The research at the NAIL aims to investigate brain-behavior relationships during motor skill learning and motor control in both non-disabled and brain-injured individuals using TMS. The research program encompasses three major themes. The first theme aims to characterize and measure the changes in cortical excitability in response to injury (stroke/ Parkinson’s disease), training and rehabilitation. By applying single pulses, or paired pulses to the motor cortex, we can measure the excitability using motor evoked potentials recorded from the muscle. The second theme uses single pulse TMS and/or repetitive TMS to modulate the cortical function and study the effects of this modulation on motor behavior (control and learning). The key objective of these experiments is to reveal the specific role of brain areas in motor control and learning in non-disabled individuals and individuals with brain injury. The last theme entails exploring the possibility of using TMS as an adjunct therapeutic tool to enhance the effectiveness of training and rehabilitation. This is a relatively new and emerging research area that aims to investigate the efficacy of TMS to enhance activity-dependent neuroplasticity that implements recovery.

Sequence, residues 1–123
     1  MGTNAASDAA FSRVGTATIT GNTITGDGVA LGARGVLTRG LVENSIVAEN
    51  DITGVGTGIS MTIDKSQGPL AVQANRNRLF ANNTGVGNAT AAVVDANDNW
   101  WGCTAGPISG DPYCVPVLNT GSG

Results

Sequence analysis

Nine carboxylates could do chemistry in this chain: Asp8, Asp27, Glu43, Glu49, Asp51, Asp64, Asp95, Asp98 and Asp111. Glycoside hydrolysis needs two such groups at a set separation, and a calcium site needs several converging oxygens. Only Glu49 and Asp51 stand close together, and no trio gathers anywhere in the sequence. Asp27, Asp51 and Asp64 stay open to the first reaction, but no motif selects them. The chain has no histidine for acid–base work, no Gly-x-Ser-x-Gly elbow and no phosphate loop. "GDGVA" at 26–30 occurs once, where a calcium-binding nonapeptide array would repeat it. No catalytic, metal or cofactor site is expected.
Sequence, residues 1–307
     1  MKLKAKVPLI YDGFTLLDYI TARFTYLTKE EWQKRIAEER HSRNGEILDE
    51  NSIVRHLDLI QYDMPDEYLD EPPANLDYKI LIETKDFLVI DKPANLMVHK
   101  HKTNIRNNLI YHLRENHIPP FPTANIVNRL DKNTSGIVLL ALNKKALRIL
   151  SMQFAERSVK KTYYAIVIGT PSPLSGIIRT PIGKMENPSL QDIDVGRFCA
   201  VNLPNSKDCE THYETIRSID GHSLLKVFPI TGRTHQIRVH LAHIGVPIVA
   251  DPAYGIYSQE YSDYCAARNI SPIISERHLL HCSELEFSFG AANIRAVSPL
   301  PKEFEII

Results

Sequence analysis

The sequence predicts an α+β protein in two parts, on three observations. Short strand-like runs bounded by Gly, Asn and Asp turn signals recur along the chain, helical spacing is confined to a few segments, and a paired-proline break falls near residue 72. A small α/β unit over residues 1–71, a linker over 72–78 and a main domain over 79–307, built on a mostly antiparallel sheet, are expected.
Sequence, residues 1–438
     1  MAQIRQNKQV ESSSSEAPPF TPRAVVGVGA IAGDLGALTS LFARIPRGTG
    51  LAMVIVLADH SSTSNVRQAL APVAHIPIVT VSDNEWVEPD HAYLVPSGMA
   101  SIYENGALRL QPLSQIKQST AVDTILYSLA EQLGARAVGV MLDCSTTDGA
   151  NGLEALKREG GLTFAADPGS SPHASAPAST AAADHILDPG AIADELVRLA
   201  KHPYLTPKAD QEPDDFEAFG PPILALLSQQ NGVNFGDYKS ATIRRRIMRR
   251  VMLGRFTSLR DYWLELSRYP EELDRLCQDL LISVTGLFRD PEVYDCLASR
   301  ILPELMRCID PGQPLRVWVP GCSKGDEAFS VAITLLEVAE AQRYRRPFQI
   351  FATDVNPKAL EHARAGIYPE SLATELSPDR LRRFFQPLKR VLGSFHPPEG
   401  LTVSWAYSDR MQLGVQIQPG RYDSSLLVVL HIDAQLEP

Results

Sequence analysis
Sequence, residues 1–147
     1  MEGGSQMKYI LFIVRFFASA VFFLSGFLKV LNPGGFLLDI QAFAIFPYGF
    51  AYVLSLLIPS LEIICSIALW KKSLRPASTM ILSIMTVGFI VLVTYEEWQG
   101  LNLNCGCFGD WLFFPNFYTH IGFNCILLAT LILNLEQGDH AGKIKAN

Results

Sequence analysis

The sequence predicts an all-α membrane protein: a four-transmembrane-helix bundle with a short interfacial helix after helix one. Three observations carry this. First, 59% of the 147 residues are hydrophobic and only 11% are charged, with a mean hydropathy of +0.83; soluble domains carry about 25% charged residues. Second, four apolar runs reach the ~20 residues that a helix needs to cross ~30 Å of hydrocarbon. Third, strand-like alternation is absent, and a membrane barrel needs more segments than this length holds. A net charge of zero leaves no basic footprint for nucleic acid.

The Women's Health and Exercise Laboratory (WHEL) is directed by Christina M. Dieli-Conwright, who received her Ph.D. in 2009 from the University of Southern California. In the WHEL, we conduct research spanning the spectrum from basic to clinical and translational science with a concentration on the hormone-related pathways in muscle hypertrophy and strength development, and metabolic diseases affecting cancer (i.e., breast, ovarian) survivors. Specifically, we are examining the effects of various estrogen therapies on skeletal muscle growth and repair. We are investigating whether estrogen use in young and old women can attenuate muscle damage and prevent sarcopenia. Additionally, weare focused on studying the effects of cancer treatment-related weight gain on metabolic diseases and further, how clinical exercise interventions may improve metabolic disease risk.
1540 Alcazar Street, CHP 155Los Angeles, CA 90089-9006
Phone: (323) 442-2900 Fax: (323) 442-1515